Original Research

Parental Perceptions and Practices of Emergent Literacy Development in Young Children with Down Syndrome: The Development of Intervention Guidelines

Cherié van Heerden, Alta Kritzinger
South African Journal of Communication Disorders | Vol 55, No 1 | a768 | DOI: https://doi.org/10.4102/sajcd.v55i1.768 | © 2020 Cherié van Heerden, Alta Kritzinger | This work is licensed under CC Attribution 4.0
Submitted: 22 April 2020 | Published: 31 December 2008

About the author(s)

Cherié van Heerden, Clinic for High Risk Babies (CHRIB) Centre, University of Pretoria, South Africa
Alta Kritzinger, Clinic for High Risk Babies (CHRIB) Centre, University of Pretoria, South Africa

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Key findings of emergent literacy research conclude that emergent literacy experiences correlate with later reading success and that emergent literacy intervention for children with special needs is essential. As a group with special needs, children with Down syndrome require emergent literacy intervention. They may attain functional literacy skills and their language development determines their reading ability. Speech-language therapists have an important role to play in emergent literacy programme development in South Africa. As a first step towards programme development and emergent literacy intervention goal selection, the aim of this study was to determine the applicability of a self-administered questionnaire to describe parental perceptions and practices regarding the emergent literacy development of their young children with Down syndrome. A quantitative research approach was used within a cross-sectional descriptive survey. Fifteen literate parents, with preschool children with Down syndrome aged between two and five years were selected as participants. Data were collected via email and/or facsimile. The results showed that all participants valued emergent literacy development. They appeared to have knowledge about book-reading but not about the broad spectrum of emergent literacy experiences to which they might expose their children. Participants were actively promoting emergent literacy development of their children, but they had certain needs that could potentially be addressed by speech-language therapists working in early communication intervention. The questionnaire proved to be applicable, but changes are required for application with illiterate parents and those with low literacy skills. Based on the results a framework with guidelines for emergent literacy goal selection is provided.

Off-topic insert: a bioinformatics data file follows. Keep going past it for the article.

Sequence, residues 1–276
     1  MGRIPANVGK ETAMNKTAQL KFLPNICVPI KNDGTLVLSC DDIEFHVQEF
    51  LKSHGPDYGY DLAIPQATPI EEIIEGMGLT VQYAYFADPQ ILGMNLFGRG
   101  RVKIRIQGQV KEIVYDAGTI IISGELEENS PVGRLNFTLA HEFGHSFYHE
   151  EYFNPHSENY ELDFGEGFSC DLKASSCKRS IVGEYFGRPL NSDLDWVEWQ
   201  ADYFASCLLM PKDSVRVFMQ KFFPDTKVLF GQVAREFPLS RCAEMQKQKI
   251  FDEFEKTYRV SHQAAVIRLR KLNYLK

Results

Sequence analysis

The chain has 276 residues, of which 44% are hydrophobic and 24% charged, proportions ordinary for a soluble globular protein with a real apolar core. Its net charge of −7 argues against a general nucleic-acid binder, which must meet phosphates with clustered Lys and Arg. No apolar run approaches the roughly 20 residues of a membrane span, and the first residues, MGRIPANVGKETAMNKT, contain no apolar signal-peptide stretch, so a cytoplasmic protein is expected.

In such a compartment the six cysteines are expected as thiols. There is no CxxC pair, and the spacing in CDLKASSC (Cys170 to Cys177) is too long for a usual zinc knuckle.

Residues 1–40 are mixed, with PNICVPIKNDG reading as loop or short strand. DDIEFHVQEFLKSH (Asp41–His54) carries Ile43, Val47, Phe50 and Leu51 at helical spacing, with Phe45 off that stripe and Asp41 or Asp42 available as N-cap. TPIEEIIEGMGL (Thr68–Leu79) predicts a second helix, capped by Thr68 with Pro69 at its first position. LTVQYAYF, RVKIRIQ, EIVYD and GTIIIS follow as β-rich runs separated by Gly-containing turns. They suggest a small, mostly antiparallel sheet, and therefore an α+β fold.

Emergent literacy development; parental perceptions; emergent literacy intervention; Down syndrome; early communication intervention


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